NEWS 4 NEW YORK
Payroll records reviewed by the I-Team show the engineer of the Metro-North train that derailed last month, killing four people and injuring dozens more, worked a consistently demanding overtime schedule in years leading up to last month’s fatal derailment. Chris Glorioso reports.
Payroll records reviewed by the I-Team show the engineer of the Metro-North train that derailed last month, killing four people and injuring dozens more, worked a consistently demanding overtime schedule in years leading up to last month’s fatal derailment.
According to the data, provided by the MTA in response to public records requests by the I-Team, William Rockefeller worked an average of 762 overtime hours per year in 2010, 2011 and 2012. Assuming a 40-hour work week with eight-hour shifts, that's the equivalent of working a sixth day every week for three years straight.
After learning of the heavy overtime load, some train passengers and lawmakers along the Metro-North line were surprised by the reliance on overtime scheduling at the commuter rail service.
"Certainly the statistics you just mentioned about Bill Rockefeller are shocking," said U.S. Rep. Eliot Engel, a Democrat who represents the Bronx district where the train derailed.
“To hear that he’s working a six-day week every year for however many years, it is absolutely concerning,” said passenger Max Owen-Dunow.
The I-Team examined payroll records, not only for Rockefeller, but also for 20 of the highest paid Metro-North engineers in 2010, 2011 and 2012. Among them was a train operator who worked 1,183 overtime hours in 2011. That works out to an average of 23 hours of overtime every week. Another top overtime earner was made about $71,000 in overtime on top of $98,000 in regular pay in 2011. That works out to 1,222 overtime hours in a single year.
Assuming eight-hour shifts and a 40-hour work week, that’s the equivalent of working, as The Beatles said, “eight days a week.”
The I-Team requested to review overtime data for all of Metro-North’s more than 300 locomotive engineers, but MTA officials said it was not possible to provide that data in time for this report.
According to data obtained by Newsday, the average Metro-North engineer earned just over $23,000 in overtime pay in 2012. Rockefeller earned almost $45,000.
Union rules allow the most senior Metro-North train operators to have first claim on any available overtime hours. That can lead to a handful of veteran engineers working extreme loads of overtime, while many others have relatively few extra shifts.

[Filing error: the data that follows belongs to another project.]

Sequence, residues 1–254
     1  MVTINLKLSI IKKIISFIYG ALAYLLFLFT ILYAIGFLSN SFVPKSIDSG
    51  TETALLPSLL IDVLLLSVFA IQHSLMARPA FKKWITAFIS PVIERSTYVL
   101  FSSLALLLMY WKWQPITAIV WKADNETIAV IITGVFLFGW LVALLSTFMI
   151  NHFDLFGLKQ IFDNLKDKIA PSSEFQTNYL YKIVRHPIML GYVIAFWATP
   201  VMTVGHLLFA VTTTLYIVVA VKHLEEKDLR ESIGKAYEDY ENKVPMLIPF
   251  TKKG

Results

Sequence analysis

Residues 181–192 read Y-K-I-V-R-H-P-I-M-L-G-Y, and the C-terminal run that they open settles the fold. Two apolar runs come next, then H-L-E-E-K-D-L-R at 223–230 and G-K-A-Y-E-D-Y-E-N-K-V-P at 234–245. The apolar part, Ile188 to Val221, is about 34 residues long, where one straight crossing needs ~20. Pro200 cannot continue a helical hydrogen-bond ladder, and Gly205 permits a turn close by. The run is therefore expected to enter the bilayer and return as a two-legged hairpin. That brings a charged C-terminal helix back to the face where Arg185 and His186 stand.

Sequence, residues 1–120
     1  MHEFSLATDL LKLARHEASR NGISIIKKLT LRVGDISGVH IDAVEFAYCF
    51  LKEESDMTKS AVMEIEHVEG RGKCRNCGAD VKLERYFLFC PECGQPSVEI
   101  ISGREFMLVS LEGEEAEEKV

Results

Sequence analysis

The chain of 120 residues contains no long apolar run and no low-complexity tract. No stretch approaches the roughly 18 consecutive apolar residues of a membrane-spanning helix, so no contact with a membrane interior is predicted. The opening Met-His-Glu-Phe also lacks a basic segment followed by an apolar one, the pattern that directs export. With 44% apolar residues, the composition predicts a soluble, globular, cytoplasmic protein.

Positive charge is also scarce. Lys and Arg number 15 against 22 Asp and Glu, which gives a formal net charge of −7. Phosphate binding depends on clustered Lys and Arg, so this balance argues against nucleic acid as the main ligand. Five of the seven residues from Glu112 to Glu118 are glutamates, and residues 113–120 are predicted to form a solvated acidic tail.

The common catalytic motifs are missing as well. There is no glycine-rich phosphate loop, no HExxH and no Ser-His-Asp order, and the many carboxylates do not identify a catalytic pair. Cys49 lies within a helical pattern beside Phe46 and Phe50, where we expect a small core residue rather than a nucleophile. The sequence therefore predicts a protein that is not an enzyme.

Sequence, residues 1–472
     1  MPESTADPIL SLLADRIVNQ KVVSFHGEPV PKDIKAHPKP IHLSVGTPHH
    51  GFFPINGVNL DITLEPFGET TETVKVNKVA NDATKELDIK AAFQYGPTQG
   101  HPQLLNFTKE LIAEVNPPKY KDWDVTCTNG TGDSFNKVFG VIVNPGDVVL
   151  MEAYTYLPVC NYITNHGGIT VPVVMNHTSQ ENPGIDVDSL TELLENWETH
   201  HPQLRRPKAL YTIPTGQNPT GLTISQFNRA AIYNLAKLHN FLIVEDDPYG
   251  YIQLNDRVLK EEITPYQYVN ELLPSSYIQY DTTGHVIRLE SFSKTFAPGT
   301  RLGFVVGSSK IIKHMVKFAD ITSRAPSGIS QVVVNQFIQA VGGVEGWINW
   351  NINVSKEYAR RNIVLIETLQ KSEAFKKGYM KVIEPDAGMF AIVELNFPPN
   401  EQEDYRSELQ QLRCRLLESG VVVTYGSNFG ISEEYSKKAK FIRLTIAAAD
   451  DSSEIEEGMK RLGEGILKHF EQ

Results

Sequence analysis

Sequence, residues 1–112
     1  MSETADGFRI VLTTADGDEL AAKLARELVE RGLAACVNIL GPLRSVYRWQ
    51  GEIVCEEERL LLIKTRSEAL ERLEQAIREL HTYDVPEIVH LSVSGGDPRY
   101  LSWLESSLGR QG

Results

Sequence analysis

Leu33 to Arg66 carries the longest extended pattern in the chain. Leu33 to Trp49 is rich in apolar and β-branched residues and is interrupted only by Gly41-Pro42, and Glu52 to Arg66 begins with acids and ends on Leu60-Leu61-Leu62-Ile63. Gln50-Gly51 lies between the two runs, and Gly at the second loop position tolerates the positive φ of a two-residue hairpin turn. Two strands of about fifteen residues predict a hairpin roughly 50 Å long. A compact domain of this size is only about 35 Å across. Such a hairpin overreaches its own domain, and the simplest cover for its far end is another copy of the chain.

Engel said he will ask the federal government to give recommendations on reforming overtime rules for train operators.
“It may be that people will have to be hired, because obviously if there are shifts people are working -- all kinds of hours, day-in, day-out, month-in, month-out, year-in, year-out – it’s not good for anybody,” Engel said.
Adam Lisberg, an MTA spokesman, said seemingly high overtime totals can be deceiving because some engineers work 12-hour shifts and have lengthy periods of what is known as “swing time” in the middle of those shifts.
“In many cases a shift that is built to have a certain number of overtime hours doesn’t mean that you’re spending 12 straight hours staring out the front window of a train having to be on high alert. It can often mean you take a run in the morning and then you have several hours off during the middle of the day,” Lisberg said.
The MTA spokesman also stressed that Metro-North fully complies with hours of service rules enforced by the Federal Railroad Administration.
Those rules establish minimum requirements for time off between engineer shifts, but they do not set limits on the cumulative overtime hours a train operator can work per month or year.
Michael Doyle, chairman of the Association of Commuter Rail Employees, the union representing locomotive engineers, told the I-Team that federal regulations were recently updated and "have protected the riding public against overtime-related fatigue for generations."
Most of Rockefeller’s overtime in 2010, 2011 and 2012 accrued while he worked an overnight shift. On the morning his train derailed, his shift began at 5 a.m., but Rockefeller reportedly awoke at 3:30 a.m. in order to make it to work on time.
Dr. Michael Thorpy, director of the Sleep-Wake Disorders Center at Montefiore Medical Center, says heavy overtime schedules carry greater risks when they are worked by employees who start their shifts before 6 a.m. or after 4 p.m.
“There is a very strong sleep drive between 3 and 4 in the morning, and if the person is working at that time -- when they would normally be sleeping at that time -- they are going to be extremely sleepy and it will be much harder for them to maintain full alertness,” Thorpy said.
Preliminary statements from investigators, union officials and from Rockefeller’s attorney have suggested the engineer got a full eight hours of sleep the night before the accident and that he did not fall asleep at the train controls. Rather, the train operator is said to have lost concentration, failing to hit the breaks as his train approached a reduced-speed zone north of the Spuyten Duyvil station.
Rockefeller has not responded to the I-Team’s request for comment.
A 2005 University of Massachusetts study of more than 10,000 American work schedules found jobs that include scheduled overtime are associated with a 61 percent higher rate of injuries and accidents than jobs with standard 40-hour work weeks.
Lisberg said Metro-North updates a Fatigue Mitigation Plan every two years in order to discover and discontinue assignments that carry higher risks of employees falling asleep or losing concentration.
“Don’t make the assumption that because someone is making several overtime hours per day that it means they are getting fatigued at any point during the work day,” Lisberg said.